OneWeb’s main intended customer base remains the same unserved and underserved markets HughesNet targets, although HughesNet has said the two will be addressing slightly different market segments. HughesNet is an investor in OneWeb, and is already supplying satellite technology to the upstart. HughesNet says it will also be providing the ground systems that will deliver Internet access over OneWeb’s soon-to-be-launched constellation.
The Federal Communications Commission last June gave OneWeb permission to serve broadband to U.S. customers.
OneWeb will be competing with SpaceX, which has big plans to offer its own broadband service, delivered from a massive constellation of 12,000 low-orbit satellites. The company last month sent two of its own demo satellites into space on one of its Falcon 9 rockets. The Wall Street Journal‘s Rolfe Winkler and Andy Pasztor report (paywall) that SpaceX expects to sign up more than 40 million subscribers to its broadband service by 2025. That’s far more than the total current unserved and underserved households, indicating that SpaceX expects its technology to compete with more mainstream broadband options.
Indeed, SpaceX has plans to fly 4,425 LEO satellites at altitudes between 684 and 823 miles up. Later, the company says in a filing with the Federal Communications Commission that it will launch an even bigger constellation of 7,518 satellites that will orbit at about 211 miles above the Earth. These satellites, SpaceX says, will enable “the provision of high speed, high bandwidth, low latency broadband services that are truly competitive with terrestrial alternatives.”
FCC Chairman Ajit Pai said last month that he wants the FCC to quickly give SpaceX its blessing to serve broadband to U.S. homes. SpaceX filed an application for the approval 15 months ago.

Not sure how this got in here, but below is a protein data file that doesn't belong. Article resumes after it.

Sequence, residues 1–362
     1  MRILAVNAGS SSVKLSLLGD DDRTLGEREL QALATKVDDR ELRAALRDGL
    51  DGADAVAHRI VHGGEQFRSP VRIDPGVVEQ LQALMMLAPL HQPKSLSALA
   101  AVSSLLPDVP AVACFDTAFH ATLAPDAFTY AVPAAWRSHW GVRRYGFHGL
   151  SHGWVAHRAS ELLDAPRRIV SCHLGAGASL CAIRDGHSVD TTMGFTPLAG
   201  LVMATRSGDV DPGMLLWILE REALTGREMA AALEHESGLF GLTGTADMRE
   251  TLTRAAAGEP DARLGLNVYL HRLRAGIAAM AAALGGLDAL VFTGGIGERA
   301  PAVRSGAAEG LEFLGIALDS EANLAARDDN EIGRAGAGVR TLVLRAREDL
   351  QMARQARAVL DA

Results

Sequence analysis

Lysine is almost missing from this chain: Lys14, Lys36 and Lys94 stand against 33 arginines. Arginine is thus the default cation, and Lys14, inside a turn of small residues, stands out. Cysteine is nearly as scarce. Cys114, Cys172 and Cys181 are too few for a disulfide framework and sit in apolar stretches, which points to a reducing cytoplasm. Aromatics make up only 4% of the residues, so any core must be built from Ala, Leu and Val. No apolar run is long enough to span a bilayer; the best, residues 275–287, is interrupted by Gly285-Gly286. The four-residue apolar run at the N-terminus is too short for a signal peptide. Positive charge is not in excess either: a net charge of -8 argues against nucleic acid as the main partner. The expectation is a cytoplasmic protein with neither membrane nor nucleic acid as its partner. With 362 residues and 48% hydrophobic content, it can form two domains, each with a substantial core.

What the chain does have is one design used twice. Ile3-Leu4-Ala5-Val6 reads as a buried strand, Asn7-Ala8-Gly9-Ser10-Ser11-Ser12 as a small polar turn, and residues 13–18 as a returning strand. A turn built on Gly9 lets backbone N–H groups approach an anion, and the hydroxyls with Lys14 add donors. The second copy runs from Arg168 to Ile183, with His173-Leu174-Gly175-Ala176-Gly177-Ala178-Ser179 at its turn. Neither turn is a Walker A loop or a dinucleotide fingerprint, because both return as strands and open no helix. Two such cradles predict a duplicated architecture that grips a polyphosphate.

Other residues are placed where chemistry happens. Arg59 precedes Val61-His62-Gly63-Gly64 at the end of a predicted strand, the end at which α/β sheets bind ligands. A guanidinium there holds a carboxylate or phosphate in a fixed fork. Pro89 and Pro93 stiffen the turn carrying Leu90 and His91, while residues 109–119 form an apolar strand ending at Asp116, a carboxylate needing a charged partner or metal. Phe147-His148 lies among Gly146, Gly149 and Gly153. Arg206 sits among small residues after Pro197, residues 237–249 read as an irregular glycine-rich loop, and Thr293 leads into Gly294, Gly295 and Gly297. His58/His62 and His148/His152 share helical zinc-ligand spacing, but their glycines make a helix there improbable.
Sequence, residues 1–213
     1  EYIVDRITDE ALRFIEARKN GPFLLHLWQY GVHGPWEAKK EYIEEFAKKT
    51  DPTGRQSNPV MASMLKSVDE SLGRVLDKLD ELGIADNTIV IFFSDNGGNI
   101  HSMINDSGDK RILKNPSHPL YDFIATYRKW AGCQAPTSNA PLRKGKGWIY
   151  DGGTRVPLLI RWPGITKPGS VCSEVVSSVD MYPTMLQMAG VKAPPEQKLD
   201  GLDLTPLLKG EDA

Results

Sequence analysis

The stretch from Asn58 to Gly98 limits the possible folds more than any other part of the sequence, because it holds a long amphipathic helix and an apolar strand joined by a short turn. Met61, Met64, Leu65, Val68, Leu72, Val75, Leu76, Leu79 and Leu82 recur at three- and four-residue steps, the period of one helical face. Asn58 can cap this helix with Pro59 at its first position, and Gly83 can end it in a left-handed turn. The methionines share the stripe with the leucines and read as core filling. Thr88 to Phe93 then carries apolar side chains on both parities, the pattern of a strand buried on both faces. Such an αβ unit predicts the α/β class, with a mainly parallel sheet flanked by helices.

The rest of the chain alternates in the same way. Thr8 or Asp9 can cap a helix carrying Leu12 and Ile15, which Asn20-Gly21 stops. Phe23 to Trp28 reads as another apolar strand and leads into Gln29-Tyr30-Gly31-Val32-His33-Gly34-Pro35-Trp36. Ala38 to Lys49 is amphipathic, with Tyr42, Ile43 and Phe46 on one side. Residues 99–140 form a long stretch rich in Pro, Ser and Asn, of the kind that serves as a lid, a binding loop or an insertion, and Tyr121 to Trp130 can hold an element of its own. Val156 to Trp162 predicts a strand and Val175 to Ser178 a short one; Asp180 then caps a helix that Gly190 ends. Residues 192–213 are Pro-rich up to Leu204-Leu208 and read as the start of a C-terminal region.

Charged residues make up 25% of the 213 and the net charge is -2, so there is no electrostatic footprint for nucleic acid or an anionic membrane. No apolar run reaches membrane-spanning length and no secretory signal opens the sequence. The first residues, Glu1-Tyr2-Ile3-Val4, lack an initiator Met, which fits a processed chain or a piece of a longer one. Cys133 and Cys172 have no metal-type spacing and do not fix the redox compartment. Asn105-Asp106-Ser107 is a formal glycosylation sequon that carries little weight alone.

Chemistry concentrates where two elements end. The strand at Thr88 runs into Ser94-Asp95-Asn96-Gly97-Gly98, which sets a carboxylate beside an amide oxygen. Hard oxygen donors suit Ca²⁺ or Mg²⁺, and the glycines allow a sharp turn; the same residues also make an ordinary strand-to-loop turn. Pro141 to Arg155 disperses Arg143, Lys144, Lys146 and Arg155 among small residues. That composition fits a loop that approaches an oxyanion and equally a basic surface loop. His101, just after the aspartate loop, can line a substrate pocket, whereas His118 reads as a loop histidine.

Ultimately, PwC’s Hays is skeptical about the price and performance of the services the new class of satellite providers will eventually sell. “It’s unlikely that it would compete on performance and cost with either cable or fiber-based service,” he says. But he adds that there’s still a lot we don’t know about the technology, value, and performance of the new services.
In the near term, this new wave of satellite service may at least let people in sparsely populated areas get fast, reliable broadband. That could make a big difference to small business owners in far-flung places. Better broadband might even influence some people’s decision to move far away from congested cities.
Further out, new low-orbit satellites could let companies like OneWeb and SpaceX offer solid broadband connections in metro areas, too. If these players offer a cost-per-bit proposition that puts big cable and telco ISPs on notice, it would bring the fixed broadband market something it so often lacks: real competition.